The thought of taking my bike has entered my mind.  Originally I didn't want to have the burden of the bike in case something broke and I needed to fix it but, at this point fixing a bike would be a whole lot easier than fixing my legs if I wore them down to nothing.  This trip was never about walking, it was just about heading out West and seeing the country from a different perspective than a car or a train.  The important thing is to not give up on this idea I've had in my 

head.  I got this little bag from my friends at the Zen center with the all-important message, 'Never Give Up' written on it.  This little token seems extra important now and it reminds me of something Joan said the night I stayed in Beverly.  She said, 'There's no such thing as failures, just new discoveries.'  Nothing can be known until we try; I'm glad I found out I need to do something differently while I was still close to home.  I know something will work out but, until then I'll just enjoy being home for a little longer.

Thursday, April 7, 2016

First Night in the Zendo

         I arrived earlier than I expected.  Luckily, Kevin was there to open the door when I rang the bell.  "You must be Dan," he said.  I was expecting Joan, the woman I met once before when I visited last summer, who I had contacted a week before I showed up with my backpack and walking stick.  She owns and lives in the Marblehead Zen Center (located in Beverly, MA); a lovely home located one street over from the Atlantic Ocean.  I told her I was attempting to walk across the country and was hoping I could spend my first night at the center.  Her response in the email was, "absolutely!"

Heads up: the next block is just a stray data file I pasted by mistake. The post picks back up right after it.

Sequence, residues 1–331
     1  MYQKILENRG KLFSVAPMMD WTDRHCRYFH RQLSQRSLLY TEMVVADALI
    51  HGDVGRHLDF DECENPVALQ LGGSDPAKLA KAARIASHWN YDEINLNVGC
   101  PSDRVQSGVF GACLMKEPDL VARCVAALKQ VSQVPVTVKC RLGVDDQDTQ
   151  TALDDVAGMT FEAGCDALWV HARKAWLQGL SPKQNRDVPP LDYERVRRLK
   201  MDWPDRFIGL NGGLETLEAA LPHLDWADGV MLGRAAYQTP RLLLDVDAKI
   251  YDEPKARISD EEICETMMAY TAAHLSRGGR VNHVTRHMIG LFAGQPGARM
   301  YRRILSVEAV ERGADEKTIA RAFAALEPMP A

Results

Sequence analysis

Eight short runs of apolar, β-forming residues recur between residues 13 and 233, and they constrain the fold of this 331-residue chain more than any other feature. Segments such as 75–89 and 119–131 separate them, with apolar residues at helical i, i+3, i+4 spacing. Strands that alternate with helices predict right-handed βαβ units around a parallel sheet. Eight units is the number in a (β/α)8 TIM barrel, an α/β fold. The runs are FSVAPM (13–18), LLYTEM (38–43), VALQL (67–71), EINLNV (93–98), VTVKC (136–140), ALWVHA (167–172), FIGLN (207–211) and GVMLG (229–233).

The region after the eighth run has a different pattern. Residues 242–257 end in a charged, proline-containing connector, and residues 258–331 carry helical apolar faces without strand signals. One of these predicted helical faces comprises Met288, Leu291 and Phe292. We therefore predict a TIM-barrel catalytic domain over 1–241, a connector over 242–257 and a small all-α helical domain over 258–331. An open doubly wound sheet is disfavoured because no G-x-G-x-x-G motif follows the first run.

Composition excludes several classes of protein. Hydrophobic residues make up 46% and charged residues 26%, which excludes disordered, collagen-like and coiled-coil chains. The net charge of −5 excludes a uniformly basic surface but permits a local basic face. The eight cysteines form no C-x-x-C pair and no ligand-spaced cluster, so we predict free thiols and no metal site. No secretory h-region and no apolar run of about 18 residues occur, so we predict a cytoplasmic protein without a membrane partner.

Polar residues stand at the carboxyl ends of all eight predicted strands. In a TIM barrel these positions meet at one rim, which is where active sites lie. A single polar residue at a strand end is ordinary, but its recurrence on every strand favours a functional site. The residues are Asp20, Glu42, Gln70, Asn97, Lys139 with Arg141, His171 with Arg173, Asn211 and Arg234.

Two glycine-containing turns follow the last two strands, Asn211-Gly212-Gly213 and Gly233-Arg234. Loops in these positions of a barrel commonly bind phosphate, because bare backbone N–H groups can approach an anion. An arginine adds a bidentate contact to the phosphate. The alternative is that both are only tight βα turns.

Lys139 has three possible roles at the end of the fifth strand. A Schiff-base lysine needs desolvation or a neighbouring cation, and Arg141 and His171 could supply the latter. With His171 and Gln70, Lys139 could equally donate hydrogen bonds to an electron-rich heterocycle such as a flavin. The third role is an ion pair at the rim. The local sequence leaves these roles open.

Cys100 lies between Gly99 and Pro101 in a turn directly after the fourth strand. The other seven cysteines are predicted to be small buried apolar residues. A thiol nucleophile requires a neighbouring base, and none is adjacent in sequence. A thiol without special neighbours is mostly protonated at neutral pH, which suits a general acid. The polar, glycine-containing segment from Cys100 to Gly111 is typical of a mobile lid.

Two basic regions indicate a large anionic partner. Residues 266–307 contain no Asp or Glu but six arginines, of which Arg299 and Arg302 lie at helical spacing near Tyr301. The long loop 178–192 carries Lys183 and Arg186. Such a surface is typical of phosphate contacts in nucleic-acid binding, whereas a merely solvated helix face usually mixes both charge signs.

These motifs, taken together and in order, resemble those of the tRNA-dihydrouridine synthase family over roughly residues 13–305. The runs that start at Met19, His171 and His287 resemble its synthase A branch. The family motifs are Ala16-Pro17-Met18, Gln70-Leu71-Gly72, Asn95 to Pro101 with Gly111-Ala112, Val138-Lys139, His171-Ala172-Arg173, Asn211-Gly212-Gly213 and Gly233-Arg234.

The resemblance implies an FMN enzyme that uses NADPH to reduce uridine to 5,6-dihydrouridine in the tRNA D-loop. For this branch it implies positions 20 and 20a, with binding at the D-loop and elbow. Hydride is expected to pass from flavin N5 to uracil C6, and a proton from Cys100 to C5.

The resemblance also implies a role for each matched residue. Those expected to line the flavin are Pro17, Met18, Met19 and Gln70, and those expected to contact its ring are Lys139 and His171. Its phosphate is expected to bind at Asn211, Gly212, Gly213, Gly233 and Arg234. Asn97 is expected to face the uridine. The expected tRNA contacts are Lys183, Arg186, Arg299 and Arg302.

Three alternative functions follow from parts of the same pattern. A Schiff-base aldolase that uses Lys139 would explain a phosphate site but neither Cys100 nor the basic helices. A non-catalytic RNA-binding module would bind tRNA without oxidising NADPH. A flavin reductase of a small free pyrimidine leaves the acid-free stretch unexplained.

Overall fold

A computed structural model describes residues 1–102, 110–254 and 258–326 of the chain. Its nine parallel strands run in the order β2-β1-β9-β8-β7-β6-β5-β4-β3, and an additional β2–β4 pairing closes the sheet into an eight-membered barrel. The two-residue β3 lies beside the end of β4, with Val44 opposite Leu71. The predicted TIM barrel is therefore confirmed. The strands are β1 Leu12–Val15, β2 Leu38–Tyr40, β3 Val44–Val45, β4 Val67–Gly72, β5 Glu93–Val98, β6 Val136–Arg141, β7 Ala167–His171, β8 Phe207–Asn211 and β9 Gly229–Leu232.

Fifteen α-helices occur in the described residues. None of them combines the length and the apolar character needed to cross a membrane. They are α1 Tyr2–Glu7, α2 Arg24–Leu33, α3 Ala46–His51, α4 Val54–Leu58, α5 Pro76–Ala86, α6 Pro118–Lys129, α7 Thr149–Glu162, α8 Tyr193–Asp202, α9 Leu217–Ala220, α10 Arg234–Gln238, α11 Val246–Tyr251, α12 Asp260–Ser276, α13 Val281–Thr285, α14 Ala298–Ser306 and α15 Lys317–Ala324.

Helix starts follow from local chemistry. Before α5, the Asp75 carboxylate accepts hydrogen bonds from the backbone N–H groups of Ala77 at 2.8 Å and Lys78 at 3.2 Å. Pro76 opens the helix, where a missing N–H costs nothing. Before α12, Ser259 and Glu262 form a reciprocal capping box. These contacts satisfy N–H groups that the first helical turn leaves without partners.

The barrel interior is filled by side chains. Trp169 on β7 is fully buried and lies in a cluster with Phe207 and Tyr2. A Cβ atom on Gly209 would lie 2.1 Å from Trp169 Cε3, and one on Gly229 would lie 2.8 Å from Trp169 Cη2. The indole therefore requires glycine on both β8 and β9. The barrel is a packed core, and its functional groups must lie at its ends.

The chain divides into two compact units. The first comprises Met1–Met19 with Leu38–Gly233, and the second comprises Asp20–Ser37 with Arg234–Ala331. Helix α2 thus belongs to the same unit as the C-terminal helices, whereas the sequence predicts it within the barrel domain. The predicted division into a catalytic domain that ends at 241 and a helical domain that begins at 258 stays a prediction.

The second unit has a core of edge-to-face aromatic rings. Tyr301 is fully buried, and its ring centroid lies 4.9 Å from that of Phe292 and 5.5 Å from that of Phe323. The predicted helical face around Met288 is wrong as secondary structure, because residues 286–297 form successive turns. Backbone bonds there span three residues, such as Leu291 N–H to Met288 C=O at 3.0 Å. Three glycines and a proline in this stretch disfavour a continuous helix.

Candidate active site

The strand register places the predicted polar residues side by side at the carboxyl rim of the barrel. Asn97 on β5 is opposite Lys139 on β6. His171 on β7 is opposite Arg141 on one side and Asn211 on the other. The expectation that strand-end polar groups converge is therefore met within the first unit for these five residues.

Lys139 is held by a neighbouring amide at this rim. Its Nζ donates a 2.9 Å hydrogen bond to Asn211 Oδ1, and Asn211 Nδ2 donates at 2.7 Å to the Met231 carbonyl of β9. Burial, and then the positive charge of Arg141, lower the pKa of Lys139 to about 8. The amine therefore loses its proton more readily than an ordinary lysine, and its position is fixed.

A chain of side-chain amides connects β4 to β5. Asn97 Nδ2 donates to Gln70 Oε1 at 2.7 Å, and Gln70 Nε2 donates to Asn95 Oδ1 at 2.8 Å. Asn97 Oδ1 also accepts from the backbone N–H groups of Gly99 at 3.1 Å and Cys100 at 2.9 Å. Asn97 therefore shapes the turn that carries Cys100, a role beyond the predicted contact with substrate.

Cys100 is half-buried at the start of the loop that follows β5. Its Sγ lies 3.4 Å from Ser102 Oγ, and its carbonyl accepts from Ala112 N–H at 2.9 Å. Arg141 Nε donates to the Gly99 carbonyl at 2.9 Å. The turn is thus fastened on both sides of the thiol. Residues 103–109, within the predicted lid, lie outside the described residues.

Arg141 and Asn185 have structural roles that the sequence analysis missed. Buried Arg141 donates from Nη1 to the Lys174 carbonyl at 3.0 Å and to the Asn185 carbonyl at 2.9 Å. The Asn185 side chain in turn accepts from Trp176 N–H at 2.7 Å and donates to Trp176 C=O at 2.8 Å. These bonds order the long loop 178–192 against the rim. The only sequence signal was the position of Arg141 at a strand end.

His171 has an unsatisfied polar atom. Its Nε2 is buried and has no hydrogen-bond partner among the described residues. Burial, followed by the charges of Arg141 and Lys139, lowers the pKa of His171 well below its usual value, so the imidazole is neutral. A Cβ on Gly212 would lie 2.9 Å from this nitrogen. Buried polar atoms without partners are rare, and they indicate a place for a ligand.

Kevin invited me in and said I could put my things in the library.  He had so many questions about my trip but said he couldn't think of any now that I was there.  I told him to ask me anything when he remembered.  It was just before 5:00 in the afternoon.  After I changed out of my sweaty travel clothes, Jacqueline and Kevin were talking and laughing in the kitchen.  Jacqueline comes to the zen center a few days a week to do a yoga session for anyone interested; I was just in time.  Joan arrived shortly after and met us in the zendo for yoga.
      The next few hours were a blur.  Yoga lead right into meditation when we were joined by three others; one had been there before, the other two were newcomers to the center.  Joan spoke about the Zen meditation method, what the point of staring at the wall is.  "It's about leaving everything outside of the zendo; in here we have no roles, we are just conscious bodies being present, allowing ourselves to be vulnerable while being as unmoving as the wall."